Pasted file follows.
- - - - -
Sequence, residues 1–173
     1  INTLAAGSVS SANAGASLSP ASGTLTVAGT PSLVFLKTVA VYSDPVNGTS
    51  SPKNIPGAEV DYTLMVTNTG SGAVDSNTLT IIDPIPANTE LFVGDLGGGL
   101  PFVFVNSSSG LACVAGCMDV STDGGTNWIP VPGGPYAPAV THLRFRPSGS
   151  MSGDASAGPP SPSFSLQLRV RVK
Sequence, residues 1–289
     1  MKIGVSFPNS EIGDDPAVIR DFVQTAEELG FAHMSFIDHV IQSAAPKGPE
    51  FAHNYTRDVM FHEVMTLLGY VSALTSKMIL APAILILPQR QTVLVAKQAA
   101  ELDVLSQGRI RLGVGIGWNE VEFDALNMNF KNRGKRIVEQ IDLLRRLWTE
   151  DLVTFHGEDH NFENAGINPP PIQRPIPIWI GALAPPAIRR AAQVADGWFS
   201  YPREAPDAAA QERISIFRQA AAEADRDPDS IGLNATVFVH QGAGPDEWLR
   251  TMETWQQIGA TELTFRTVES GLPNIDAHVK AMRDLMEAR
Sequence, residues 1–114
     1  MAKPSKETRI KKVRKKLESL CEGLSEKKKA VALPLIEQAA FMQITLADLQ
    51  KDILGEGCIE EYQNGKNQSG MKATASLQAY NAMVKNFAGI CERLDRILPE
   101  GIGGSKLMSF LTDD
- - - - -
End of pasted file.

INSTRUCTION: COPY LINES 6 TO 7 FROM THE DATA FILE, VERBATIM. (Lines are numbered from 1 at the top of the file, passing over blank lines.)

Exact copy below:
Sequence, residues 1–289
     1  MKIGVSFPNS EIGDDPAVIR DFVQTAEELG FAHMSFIDHV IQSAAPKGPE